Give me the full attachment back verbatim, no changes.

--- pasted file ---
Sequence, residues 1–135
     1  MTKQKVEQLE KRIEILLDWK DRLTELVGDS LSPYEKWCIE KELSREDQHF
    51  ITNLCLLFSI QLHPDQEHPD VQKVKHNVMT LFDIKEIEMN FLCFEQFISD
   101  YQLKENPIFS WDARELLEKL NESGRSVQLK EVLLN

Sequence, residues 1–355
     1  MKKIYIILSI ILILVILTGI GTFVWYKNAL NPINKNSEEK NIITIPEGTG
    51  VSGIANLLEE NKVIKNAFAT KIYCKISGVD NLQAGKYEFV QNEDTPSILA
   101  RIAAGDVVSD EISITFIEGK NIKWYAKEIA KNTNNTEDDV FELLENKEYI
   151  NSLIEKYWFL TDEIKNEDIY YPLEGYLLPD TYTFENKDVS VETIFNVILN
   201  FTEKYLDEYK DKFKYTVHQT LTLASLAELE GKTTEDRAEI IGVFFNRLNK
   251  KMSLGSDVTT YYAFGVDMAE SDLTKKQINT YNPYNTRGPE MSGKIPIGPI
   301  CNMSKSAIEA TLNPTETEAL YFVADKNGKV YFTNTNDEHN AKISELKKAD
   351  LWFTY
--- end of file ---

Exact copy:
Sequence, residues 1–135
     1  MTKQKVEQLE KRIEILLDWK DRLTELVGDS LSPYEKWCIE KELSREDQHF
    51  ITNLCLLFSI QLHPDQEHPD VQKVKHNVMT LFDIKEIEMN FLCFEQFISD
   101  YQLKENPIFS WDARELLEKL NESGRSVQLK EVLLN

Sequence, residues 1–355
     1  MKKIYIILSI ILILVILTGI GTFVWYKNAL NPINKNSEEK NIITIPEGTG
    51  VSGIANLLEE NKVIKNAFAT KIYCKISGVD NLQAGKYEFV QNEDTPSILA
   101  RIAAGDVVSD EISITFIEGK NIKWYAKEIA KNTNNTEDDV FELLENKEYI
   151  NSLIEKYWFL TDEIKNEDIY YPLEGYLLPD TYTFENKDVS VETIFNVILN
   201  FTEKYLDEYK DKFKYTVHQT LTLASLAELE GKTTEDRAEI IGVFFNRLNK
   251  KMSLGSDVTT YYAFGVDMAE SDLTKKQINT YNPYNTRGPE MSGKIPIGPI
   301  CNMSKSAIEA TLNPTETEAL YFVADKNGKV YFTNTNDEHN AKISELKKAD
   351  LWFTY